2019 Hino 300 817 4x4 review

Rating: 6.5
$81,135 Mrlp
  • Fuel Economy
    N/A
  • Engine Power
    121kW
  • CO2 Emissions
    N/A
  • ANCAP Rating
    N/A

While it may look like a giant truck, the Hino 300 4x4 is relatively easy to drive. Plus, it can be driven on a car licence. Paul Maric finds out whether it's all it's cracked up to be.

Despite having generous towing capacities and reasonably good payloads, dual-cab utes sometimes won't meet the standard for proper load hauling and off-roading.

Previously, we hopped behind the wheel of the off-road-focussed Iveco Daily 4x4 and found it to be pretty impressive both on- and off-road. The Japanese alternative to the Italian Iveco is from Hino, the truck company owned by Toyota.

The Hino 300 817 4x4 is a big truck sold in both single- and dual-cab, with the option of a 4495kg or 7500kg GVM. The former of which can be operated on a car licence and doesn't require any additional licensing.

Kicking off from $81,134 (plus on-road costs), the 300 817 4x4 doesn't come with a tray on the rear, so expect that price to climb by the time you fit a tray like the one on our test vehicle.

Sitting beneath the driver and front passenger is a 4.0-litre turbocharged four-cylinder diesel engine that produces 121kW of power and 464Nm of torque. The drivetrain is mated to a six-speed manual gearbox, but an aftermarket five-speed automatic Allison (with single overdrive) is also available for greater ease of use.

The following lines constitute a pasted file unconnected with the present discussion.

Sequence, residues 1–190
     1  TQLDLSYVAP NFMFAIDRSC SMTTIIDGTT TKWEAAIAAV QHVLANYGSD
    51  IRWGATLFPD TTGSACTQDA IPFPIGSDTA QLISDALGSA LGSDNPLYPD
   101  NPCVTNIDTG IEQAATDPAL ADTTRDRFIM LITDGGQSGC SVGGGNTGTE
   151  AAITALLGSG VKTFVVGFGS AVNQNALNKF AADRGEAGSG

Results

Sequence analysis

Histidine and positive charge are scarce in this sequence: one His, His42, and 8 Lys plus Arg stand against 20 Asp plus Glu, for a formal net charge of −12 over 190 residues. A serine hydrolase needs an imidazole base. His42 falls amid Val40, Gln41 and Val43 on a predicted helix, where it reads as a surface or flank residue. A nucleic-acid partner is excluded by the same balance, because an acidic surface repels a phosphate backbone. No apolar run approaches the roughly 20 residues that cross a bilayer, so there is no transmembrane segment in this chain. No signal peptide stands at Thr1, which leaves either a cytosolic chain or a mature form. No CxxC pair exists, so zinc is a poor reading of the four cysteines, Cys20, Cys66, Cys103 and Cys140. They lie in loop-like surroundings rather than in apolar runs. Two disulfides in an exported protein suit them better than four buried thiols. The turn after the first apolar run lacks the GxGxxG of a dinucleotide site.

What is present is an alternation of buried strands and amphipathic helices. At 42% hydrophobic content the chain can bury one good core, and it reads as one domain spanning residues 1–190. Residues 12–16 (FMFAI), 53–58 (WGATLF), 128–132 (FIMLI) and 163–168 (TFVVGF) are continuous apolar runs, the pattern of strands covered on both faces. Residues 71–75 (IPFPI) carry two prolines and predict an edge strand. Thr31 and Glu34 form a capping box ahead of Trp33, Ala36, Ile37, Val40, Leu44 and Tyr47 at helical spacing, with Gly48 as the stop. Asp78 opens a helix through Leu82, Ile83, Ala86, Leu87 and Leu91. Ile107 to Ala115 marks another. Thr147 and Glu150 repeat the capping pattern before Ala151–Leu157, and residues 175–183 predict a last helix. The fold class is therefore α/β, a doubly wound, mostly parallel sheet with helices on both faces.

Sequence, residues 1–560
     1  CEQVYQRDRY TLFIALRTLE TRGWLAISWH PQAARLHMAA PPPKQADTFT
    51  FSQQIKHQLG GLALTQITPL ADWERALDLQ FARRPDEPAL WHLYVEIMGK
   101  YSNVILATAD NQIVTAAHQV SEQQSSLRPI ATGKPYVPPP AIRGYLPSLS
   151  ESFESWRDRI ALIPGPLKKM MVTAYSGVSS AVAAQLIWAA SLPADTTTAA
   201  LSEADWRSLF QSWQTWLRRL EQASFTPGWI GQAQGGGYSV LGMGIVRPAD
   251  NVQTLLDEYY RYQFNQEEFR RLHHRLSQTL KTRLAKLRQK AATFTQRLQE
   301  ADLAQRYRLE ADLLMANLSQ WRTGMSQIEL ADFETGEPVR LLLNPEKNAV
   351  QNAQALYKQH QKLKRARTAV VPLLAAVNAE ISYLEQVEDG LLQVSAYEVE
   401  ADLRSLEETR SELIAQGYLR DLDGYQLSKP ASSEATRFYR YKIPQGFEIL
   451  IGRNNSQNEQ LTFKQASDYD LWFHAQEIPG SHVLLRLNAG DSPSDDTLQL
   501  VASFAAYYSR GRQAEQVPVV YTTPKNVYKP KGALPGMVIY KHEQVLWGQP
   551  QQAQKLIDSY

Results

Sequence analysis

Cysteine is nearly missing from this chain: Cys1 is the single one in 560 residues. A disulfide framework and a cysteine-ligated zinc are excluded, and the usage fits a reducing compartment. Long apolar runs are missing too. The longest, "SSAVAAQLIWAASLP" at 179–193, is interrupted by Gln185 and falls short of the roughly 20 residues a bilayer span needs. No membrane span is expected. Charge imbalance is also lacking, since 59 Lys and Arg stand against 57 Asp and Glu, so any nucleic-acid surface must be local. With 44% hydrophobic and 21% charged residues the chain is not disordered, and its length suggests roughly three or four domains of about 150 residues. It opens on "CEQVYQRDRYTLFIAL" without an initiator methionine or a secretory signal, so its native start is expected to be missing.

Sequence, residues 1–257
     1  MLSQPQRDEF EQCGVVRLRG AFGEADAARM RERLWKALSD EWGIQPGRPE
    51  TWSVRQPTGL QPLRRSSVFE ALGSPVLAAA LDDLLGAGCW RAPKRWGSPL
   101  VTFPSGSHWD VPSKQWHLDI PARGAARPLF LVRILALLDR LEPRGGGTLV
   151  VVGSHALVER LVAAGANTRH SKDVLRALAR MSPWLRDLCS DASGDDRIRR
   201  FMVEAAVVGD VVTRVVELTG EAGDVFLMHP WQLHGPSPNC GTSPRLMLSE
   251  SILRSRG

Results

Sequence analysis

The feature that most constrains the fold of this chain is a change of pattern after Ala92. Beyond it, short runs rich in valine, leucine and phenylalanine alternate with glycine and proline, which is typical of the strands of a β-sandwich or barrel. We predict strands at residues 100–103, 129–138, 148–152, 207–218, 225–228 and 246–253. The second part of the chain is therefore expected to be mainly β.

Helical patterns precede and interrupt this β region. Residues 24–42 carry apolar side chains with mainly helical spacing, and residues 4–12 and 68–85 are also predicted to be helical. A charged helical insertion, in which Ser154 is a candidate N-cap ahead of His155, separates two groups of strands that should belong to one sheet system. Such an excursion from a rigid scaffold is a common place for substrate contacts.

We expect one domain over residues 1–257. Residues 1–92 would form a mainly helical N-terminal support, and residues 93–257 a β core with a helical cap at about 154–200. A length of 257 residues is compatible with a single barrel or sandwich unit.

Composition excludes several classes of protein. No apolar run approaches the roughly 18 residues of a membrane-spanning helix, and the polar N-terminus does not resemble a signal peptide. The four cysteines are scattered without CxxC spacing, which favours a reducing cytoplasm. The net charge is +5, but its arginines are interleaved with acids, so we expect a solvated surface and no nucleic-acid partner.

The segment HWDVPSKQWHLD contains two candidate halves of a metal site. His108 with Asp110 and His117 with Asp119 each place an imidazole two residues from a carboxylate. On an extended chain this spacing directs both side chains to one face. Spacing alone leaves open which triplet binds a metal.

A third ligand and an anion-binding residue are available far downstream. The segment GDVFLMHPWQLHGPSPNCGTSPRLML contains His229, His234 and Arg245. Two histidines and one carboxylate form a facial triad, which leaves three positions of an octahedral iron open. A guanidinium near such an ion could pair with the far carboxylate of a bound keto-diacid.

Beneath the skin, the 300 817 4x4 uses front and rear leaf spring suspension, with the front end featuring shock absorbers and a stabiliser.

From the exterior, the Hino isn't quite as pretty as Iveco's Daily. It looks much more like a truck and lacks the styling elements found on the Daily.

Inside the cabin it's a basic affair with solid plastics used throughout. Central to the cabin is a functional infotainment unit with a colour touchscreen with inbuilt Bluetooth telephone connectivity and audio streaming.

Buttons and switchgear are logically laid out across the dashboard with a focus on simplicity. Storage cavities are contained throughout the cabin with the centre seat acting as a table when folded flat.

While you won't find any switchgear on the steering wheel, the cruise control is activated behind the wheel, with one stalk reserved for the headlights and indicator, and another stalk used to activate the exhaust brake and windscreen wipers.

Safety items always seem to be overlooked for tradesmen – despite the fact they spend more time on the road than most people. Hino has covered all bases with driver and front passenger airbags, along with traction control and stability control to keep the vehicle in check at speed.

In terms of four-wheel-drive equipment, there's a low- and high-range transfer case and free-wheeling hubs that are manually locked. It's pretty ancient technology, and can be a little painful given you will need to get out and manually lock the front hubs each time you want to switch over to four-wheel drive.

Using the reduction gearing, a low low-range ratio of 65:1 can be achieved, which is pretty impressive.